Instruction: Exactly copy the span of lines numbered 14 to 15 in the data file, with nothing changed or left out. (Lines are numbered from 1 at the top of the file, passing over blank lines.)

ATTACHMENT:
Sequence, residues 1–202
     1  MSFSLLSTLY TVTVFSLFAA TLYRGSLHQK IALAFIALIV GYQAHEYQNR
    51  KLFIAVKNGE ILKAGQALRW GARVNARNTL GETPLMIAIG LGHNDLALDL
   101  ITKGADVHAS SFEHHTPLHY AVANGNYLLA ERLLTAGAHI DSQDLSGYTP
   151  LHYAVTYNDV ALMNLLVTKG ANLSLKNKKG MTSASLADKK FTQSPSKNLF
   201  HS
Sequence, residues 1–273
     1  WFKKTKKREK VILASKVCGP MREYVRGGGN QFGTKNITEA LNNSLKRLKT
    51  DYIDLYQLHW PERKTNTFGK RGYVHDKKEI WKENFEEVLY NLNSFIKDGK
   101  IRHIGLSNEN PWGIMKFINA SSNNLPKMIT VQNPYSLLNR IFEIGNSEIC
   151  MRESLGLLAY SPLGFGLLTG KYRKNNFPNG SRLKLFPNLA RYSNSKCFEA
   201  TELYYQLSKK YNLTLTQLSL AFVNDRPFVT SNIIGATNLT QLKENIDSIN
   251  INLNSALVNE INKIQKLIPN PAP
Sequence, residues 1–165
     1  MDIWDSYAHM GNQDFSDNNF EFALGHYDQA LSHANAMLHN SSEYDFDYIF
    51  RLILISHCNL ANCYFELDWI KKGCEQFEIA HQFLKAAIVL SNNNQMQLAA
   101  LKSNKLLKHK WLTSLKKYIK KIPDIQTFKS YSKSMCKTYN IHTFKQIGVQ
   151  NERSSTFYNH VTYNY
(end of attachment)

Sequence, residues 1–165
     1  MDIWDSYAHM GNQDFSDNNF EFALGHYDQA LSHANAMLHN SSEYDFDYIF